Lessons Not Learned

Questions About Murkier Public Purpose Funding Gets Silence From RIRA

Peter McCarthy
PPF Grants help RIVAA add graceful touches of art at Motorgate. Other benefits of the funds are less visible.
PPF Grants help RIVAA add graceful touches of art at Motorgate. Other benefits of the funds are less visible.
© Deborah Julian / Roosevelt Island Daily

Roosevelt Islanders expect protective secrecy to shroud RIOC, but as fresh questions come up about Public Purpose Funds, the disease may have infected the Residents Association, of which we all are part but know less and less about. What the heck's going on?

RIRA'S Growing Commitment To Not Telling Residents What They Are Up To

Activist Frank Farance traces RIRA's plunge toward secrecy to the administration of Matthew Katz, a president that Farance says preferred cutting deals behind closed doors to public negotiation or discussion. Whatever Katz's flaws might have been, recent RIRA Common Councils, led by Jeff Escobar, are worthy challengers in the war against communicating openly with residents.

Secrecy runs contrary to everything the Common Council is supposed to do, that is, represent residents, not simply the parochial interests of its members, the majority of them seated, not through voting, but virtually by self-appointment.

Support for and interest in the Common Council runs so low that, out of about 10,000 eligible residents, only 42 volunteered to put their names up for a vote in last week's election. There are 44 elective positions available. Both executive offices, president and vice president, were won unopposed.

Which brings us to the another disappointing failure to speak up: For the first time, Residents Association leaders chose not to disclose voting totals, just the names of those elected, mostly without competition.

In case you're wondering, yes, they were asked, but consistent with recent history, no one answered.

Why? You're welcome to guess. We don't know.

A Possible Explanation or More of the Same?

But even before the new shorthanded Common Council could be seated, the outgoing representatives pulled off a magical disappearing act of their own.

They met to vote on recommendations from their Public Purpose Funds Committee about what groups should get grants, this year, and how much.

Questions were raised about glaring conflicts of interest. For example, the Roosevelt Island Seniors Association, headed by Common Council members, including its Vice President, applied for and won a hefty recommendation by a committee it helped form. And Vice President Sherie Helstien, RISA's secretary, was then allowed, over protests, to participate in allocation discussions.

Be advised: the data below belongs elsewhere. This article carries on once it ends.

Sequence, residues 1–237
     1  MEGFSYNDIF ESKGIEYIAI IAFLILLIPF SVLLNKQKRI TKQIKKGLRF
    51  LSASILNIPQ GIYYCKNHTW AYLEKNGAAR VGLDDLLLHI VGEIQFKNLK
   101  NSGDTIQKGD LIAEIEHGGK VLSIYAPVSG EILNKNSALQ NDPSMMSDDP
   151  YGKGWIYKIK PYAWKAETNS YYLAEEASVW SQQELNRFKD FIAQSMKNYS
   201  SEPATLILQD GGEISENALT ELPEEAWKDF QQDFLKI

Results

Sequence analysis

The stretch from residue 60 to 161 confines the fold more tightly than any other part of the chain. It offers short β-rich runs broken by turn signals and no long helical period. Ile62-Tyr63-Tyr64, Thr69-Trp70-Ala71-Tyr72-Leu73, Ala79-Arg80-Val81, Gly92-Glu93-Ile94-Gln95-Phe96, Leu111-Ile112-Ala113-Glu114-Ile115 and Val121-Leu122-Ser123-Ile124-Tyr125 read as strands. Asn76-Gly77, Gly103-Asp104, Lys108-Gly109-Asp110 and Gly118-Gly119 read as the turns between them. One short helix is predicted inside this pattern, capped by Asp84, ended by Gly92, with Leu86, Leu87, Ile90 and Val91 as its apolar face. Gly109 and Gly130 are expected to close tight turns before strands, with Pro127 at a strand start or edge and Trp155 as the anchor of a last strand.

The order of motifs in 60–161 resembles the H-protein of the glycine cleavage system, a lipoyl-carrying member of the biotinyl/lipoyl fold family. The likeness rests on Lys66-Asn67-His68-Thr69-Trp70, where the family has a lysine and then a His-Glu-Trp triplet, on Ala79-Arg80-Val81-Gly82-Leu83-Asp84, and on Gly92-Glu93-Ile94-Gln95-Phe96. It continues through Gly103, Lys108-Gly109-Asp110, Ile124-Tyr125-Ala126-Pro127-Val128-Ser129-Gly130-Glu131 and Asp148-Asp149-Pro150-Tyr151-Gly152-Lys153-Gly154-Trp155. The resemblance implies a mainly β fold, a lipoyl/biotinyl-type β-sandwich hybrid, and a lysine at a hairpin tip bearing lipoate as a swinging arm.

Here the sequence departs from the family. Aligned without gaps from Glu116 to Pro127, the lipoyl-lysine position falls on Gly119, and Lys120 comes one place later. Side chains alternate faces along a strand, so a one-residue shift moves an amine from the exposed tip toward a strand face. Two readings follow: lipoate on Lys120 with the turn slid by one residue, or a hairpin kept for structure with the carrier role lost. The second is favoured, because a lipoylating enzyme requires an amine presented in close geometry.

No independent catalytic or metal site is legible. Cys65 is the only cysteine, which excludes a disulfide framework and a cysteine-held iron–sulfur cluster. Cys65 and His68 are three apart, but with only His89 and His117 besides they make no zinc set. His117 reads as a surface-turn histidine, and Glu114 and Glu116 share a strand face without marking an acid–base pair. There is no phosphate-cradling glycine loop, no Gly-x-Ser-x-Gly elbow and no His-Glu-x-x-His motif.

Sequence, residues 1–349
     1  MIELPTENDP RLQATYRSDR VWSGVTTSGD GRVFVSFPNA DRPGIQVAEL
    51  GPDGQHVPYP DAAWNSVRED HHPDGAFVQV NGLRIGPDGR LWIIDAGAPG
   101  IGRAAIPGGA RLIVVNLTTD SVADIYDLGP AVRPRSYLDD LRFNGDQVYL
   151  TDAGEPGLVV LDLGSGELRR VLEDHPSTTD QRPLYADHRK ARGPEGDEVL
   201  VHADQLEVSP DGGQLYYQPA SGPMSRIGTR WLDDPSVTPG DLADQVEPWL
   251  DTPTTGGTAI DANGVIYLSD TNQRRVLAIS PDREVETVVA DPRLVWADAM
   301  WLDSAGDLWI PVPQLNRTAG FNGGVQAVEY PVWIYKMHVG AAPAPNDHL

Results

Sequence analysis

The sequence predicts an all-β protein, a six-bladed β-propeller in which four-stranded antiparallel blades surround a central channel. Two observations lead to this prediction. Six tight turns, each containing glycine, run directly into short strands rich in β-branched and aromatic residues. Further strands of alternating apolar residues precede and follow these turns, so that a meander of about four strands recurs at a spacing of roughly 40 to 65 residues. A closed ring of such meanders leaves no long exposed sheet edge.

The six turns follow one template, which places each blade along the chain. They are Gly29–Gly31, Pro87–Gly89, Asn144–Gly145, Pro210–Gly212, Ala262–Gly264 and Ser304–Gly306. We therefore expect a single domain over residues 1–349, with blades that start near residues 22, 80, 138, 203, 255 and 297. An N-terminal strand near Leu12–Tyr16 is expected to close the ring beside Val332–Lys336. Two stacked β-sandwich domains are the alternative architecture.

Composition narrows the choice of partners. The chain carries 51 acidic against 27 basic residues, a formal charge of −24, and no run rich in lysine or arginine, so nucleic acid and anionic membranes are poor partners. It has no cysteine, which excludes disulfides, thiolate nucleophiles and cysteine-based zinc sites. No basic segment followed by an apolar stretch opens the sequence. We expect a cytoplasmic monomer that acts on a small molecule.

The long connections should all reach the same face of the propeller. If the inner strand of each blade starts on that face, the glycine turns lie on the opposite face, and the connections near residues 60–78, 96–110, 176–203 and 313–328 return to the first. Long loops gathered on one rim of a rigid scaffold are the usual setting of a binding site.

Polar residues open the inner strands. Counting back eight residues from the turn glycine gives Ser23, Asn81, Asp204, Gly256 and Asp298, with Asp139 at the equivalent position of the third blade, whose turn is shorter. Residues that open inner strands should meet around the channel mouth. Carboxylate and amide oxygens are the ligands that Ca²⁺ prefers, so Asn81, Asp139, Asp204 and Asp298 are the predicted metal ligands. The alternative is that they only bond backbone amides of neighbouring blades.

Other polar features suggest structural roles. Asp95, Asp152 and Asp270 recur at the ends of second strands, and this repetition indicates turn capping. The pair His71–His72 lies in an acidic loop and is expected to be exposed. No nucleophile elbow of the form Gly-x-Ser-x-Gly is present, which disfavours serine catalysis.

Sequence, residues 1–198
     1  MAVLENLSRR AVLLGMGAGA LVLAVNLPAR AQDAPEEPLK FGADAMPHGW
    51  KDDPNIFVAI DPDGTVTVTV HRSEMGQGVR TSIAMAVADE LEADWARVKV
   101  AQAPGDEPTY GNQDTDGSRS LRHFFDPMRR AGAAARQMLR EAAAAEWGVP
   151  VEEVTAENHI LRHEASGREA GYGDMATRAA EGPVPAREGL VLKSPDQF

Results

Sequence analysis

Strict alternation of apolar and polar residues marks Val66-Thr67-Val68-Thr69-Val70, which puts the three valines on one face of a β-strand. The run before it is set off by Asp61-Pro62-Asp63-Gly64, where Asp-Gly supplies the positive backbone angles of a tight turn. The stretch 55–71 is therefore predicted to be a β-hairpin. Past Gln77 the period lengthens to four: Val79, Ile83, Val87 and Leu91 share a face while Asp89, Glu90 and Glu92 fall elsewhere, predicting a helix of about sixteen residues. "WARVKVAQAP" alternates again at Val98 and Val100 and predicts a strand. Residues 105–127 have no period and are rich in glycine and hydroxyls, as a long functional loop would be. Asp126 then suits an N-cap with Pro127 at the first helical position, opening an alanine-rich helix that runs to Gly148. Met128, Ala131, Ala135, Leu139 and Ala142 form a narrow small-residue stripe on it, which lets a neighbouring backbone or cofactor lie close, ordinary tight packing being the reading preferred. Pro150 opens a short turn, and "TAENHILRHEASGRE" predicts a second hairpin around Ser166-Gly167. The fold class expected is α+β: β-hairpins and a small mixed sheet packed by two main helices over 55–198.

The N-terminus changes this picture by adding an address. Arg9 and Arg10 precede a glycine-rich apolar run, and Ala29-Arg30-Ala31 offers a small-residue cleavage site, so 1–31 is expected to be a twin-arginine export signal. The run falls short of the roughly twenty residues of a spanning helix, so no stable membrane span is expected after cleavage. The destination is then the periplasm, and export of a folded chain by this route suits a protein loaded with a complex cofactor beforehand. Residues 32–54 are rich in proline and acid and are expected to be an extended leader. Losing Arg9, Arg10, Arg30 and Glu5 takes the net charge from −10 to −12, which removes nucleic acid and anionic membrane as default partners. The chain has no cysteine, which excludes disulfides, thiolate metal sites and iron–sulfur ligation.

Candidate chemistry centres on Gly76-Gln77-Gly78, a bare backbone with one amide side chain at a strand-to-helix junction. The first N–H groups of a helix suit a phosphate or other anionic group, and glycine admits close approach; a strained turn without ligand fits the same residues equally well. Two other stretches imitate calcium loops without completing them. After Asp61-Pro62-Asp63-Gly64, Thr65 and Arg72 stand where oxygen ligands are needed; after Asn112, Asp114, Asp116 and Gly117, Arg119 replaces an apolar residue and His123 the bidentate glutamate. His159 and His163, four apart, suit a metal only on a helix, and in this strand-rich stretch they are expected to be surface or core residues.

Common Council President Jeffrey Escobar buried objections by invoking Roberts Rules of Order, and incoming Vice President Lynne Strong-Shinozaki, herself saddled with multiple conflicts of interest, moved to cut off debate before other members were able to get their questions answered.

Unhappy Common Council members complain that they were required to vote on the package without knowing how the numbers were arrived at or how the money would be spent.

RIOC Comments and More Questions

Late last week, RIOC President Susan Rosenthal said that her organization had not received RIRA's recommendations yet and, as a consequence, the Board of Directors, which has final say on allocations, hadn't begun its review.

Rosenthal agreed to meet with Farance to listen to objections about whether the Common Council acted properly.

In the meantime, research has raised fresh questions about RISA's application for funds. The Daily has written that, because of its glaring conflict of interest with the PPF Committee, RISA should not have been allowed to apply, let alone earn a recommended grant far in excess of most other applicants.

We looked at RISA's From 990 tax exempt filings for the last five years. Form 990 is how certified 501(3)(c) nonprofit entities report their income to the IRS. In each year, RISA based its status on being a "governmental unit," that is, operator of the Senior Center.

We are not tax lawyers or accountants, but this suggests that RISA was disqualified as a 501(3)(c) entity when its contract to run the Senior Center was severed in June of this year. That would, according to RIOC's public documents, make RISA ineligible for PPF grants.

RISA President Barbara Parker has been asked, by email, to explain what steps RISA has taken to validate or renew its 501(3)(c) certification, but she has not responded.

By email, we also asked Common Council Member Dave Evans, who chaired the PPF Committee, and Council President Jeffrey Escobar, what actions they took, if any, to insure that the applicants they reviewed were qualified for grants, according to RIOC's rules.

Neither replied.

At least RIOC's Rosenthal seems ready to consider concerns with some degree of transparency. A gust of fresh air may help shine light on the inner workings of both RIOC and RIRA, much to the benefit of residents.

Who knows? Opening up to residents they are pledged to represent might get RIRA off its back and involved as a vital part of the community again.

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